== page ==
A POWERFUL EXPLOSION believed to be caused by a car bomb ripped through a police headquarters in a Nile Delta city north of Cairo early this morning, killing 14 people and wounding more than 100, leaving scores buried under the rubble.
The country’s interim government accused the Muslim Brotherhood of orchestrating the attack, branding it a “terrorist organisation.”
It was the first major bombing in the Nile Delta, spreading the carnage that has marked Egypt’s turmoil over the past months to a new area and bringing it closer to Cairo.
The 1.10 am blast struck at the security headquarters in the city of Mansoura, 110 kilometres (70 miles) north of Cairo in the Nile Delta province of Daqahliya, collapsing an entire section and side wall of the five-floor building, incinerating dozens of cars outside and damaging several nearby buildings.
The state news agency MENA said 14 people were killed, including eight police officers, and that 134 were wounded, among them the city’s security chief and his assistant. Most of the victims were policemen, many of whom were buried beneath the debris.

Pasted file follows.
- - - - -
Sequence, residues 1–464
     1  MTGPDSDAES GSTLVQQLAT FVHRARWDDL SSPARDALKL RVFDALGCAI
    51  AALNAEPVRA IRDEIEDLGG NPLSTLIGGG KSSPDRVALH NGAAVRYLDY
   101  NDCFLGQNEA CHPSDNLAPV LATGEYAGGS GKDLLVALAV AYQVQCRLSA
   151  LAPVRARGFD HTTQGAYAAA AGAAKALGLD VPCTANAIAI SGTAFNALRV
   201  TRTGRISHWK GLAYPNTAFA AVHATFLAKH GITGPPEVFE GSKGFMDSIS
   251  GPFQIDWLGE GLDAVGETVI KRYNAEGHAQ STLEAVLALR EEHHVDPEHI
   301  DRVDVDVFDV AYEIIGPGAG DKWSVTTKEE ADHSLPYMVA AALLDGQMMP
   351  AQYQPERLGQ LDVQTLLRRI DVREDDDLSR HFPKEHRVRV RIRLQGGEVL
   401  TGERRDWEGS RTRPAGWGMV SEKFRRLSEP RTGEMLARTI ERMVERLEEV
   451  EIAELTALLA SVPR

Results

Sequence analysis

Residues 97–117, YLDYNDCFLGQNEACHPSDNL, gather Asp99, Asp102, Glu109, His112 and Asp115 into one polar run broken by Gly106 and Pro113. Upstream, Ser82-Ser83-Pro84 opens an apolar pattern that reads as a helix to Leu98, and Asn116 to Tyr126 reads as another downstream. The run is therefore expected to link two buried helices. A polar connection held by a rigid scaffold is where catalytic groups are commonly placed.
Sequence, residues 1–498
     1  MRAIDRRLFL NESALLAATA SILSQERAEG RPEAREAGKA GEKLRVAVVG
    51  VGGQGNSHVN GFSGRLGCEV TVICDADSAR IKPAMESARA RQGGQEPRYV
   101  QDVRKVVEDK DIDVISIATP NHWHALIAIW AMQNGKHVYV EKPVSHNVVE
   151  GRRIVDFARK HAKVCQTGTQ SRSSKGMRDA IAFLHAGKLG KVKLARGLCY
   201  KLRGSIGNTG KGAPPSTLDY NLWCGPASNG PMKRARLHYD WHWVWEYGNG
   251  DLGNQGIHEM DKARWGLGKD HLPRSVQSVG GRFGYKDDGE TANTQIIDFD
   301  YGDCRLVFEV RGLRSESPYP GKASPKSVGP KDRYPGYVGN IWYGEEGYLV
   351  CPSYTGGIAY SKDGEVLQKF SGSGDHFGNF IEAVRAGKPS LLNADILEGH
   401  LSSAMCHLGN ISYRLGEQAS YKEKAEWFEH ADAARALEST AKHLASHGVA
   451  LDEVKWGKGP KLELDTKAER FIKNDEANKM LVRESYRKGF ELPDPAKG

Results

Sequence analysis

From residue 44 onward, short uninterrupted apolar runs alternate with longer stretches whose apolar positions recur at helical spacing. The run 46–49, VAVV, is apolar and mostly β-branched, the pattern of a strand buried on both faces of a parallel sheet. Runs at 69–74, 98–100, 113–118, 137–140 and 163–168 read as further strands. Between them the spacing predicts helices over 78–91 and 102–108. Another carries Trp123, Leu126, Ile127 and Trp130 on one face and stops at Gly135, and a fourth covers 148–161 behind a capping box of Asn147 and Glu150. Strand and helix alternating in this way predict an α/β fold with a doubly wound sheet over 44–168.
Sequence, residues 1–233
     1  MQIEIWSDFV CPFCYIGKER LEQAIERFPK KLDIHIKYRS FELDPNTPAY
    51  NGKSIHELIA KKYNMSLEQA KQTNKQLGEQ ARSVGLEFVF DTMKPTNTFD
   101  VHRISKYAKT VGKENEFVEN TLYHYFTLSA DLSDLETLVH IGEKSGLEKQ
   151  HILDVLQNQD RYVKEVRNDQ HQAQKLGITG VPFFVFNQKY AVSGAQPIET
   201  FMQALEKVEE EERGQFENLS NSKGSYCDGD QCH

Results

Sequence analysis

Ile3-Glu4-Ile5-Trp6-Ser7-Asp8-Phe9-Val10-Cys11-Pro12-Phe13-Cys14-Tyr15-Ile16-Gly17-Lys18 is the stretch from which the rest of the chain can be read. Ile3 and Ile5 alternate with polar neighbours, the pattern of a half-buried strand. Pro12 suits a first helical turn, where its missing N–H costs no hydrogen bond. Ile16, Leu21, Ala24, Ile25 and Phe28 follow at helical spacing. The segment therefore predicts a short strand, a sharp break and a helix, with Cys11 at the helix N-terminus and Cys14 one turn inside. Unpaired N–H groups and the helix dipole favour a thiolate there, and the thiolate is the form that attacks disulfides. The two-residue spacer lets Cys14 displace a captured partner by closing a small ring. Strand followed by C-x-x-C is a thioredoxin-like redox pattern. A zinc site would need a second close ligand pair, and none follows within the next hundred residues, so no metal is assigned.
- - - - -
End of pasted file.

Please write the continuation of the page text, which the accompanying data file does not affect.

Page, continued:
Egypt’s Interior Minister Mohammed Ibrahim toured the scene of the explosion at daybreak, pledging that the police will “continue their battle against the dark terrorist forces that tried to tamper with the country’s security,” then went to hospital to visit the wounded.
MENA quoted Cabinet spokesman Sherif Shawki as saying that the Brotherhood showed its “ugly face as a terrorist organization, shedding blood and messing with Egypt’s security.”
No one immediately claimed responsibility for the bombing, which came a day after an al-Qaida-inspired group called on police and army personnel to desert or face death at the hands of its fighters.